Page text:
Multiplication Center

How to Cultivate Faith, with Generosity as the Outflow

December 5, 2017

By Chris Willard with Warren Bird

When your church is kicking into its next generosity campaign, you might assume your paid staff is gung-ho.

But that might be a false assumption for your generosity initiatives, according to my friend Sherri Adams of Christ Church of Oak Brook in Illinois.

“If I had to do it over again, I would put more time and focus and effort in bringing the staff along early,” says Sherri, the Executive Director of Stewardship and Generosity at Oak Brook. “It was a little disappointing at first; I thought all the staff would be on board because this was going to benefit their ministries.”

“But then I realized we’re just like everybody else. We all wrestle with what God says about money. I don’t know why I thought staff would see it differently.”

That’s one of Sherri’s “aha!” moments after serving in this unique ministry role for two-plus years: Paid staff, and especially senior leaders, must understand the vital nature of generosity as part of spiritual growth. But they also need to live it in front of people, or it won’t take hold.

“We don’t want to ask our congregation to do something we’re not doing,” Sherri adds. “So it’s important not only that senior leadership and staff buy into it, but that we’re living it. I can’t stress that enough.”

Sherri is spot-on. You and your staff may struggle with generosity-as-discipleship issues. But the last thing you need if someone in your church complains about “the church talking about money again,” is for a staff member to side with them and not get the big picture. Your staff needs to be able to confidently say, “This is about so much more than that. This is about growing in Christ and being the people God wants us to be.”

Sherri has three more discoveries she shared with me recently that will help your church build a culture of generosity:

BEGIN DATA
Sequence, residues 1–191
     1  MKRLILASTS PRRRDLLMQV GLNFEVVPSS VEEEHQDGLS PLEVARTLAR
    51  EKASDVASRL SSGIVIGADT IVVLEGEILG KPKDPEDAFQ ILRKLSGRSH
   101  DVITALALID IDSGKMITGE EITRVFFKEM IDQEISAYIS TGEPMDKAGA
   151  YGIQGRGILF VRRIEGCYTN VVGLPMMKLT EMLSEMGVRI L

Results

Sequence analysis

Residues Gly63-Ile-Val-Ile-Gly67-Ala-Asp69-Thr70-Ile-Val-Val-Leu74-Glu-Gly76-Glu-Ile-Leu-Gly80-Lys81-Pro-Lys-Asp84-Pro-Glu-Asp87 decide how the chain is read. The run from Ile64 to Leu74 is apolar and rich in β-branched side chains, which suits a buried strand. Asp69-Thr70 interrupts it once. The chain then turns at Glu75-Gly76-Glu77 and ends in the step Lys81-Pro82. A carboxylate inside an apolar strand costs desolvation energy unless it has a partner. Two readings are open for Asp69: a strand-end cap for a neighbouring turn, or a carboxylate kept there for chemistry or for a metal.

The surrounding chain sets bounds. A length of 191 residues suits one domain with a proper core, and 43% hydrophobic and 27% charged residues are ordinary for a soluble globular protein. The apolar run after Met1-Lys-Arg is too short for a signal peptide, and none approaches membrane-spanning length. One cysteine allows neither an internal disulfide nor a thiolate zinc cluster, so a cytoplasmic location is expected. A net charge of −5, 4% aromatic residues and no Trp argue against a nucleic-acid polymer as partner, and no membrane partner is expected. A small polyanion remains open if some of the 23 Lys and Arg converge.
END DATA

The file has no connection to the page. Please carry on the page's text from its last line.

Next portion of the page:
The primary goal is to cultivate discipleship, not to generate more funding

Stewardship and generosity are spiritual disciplines, so that makes this whole discussion about discipleship—building stronger and more passionate followers of Christ who are generous because of the bigness of their faith.

“The focus needs to be on cultivating the faith of people in the church, and generosity is an outflow,” Sherri says. “That naturally happens. The key is that we see that it’s all about discipleship.”

Christ Church is in the middle of a two-year initiative with two goals. The secondary goal is the amount of money they raise for kingdom work. Their primary goal as the church states on its initiative website, www.takerootccob.org, is to “root our lives more deeply in Christ for the sake of others.”

Sherri says, “Our primary goal is not raising money but rather it’s to help people grow in their discipleship and because of that, generosity becomes one of the outflows of that transformation.”

A communication plan is key to changing culture

Christ Church has a multi-pronged communication strategy that includes testimonial videos and regular updates on the work that’s being funded by people’s generosity. Video stories highlight peoples generosity journeys, and are shown in weekend worship services , on social media and on the church’s website.

“We can stand upfront and talk about generosity and stewardship, but it’s really the stories that inspire people to take the next step in their journey,” Sherri says. “People identify with the stories they hear. And they think if that person can do it, and I see myself in that person, then I may be able to do it, too.”

Christ Church also uses compelling stories to show the congregation where their money is going. “That’s another way to inspire people to be generous when they know their money is being used wisely for good purposes,” Sherri says. “When we’re talking about stewardship, we need to be great examples of how we use the resources people are entrusting to us.”

Sherri says thank-you letters are big, especially for first-time givers. “I don’t think we do enough to thank people who are giving,” Sherri says. “For those folks who are stepping out and saying, ‘Hey, I’m putting my name on this and I want to be recognized,’ we need to make sure we’re recognizing our givers.”

Use a variety of settings to teach—weekend worship services aren’t enough

Sherri has found that big worship settings alone aren’t enough to drive deep discipleship and generosity messages. Having people process what generosity means to them also requires small groups, classes and even one-one-one mentoring.

“I think sometimes we default to a sermon or worship services being the only place to communicate about stewardship and generosity,” Sherri says.”

Small groups and one-to-one coaching allow people to wrestle with issues they can’t in a large public setting. “Money is as difficult a topic as there is to deal with,” Sherri says. “In small groups, we can be open with each other about where we’re struggling and hold each other accountable.”

Andy Williams contributed to the writing of this article.

Generosity Strategies and Tactics is an ongoing series brought to you by Leadership Network thanks to a grant from the Lilly Endowment. To learn more, go to www.leadnet.org.

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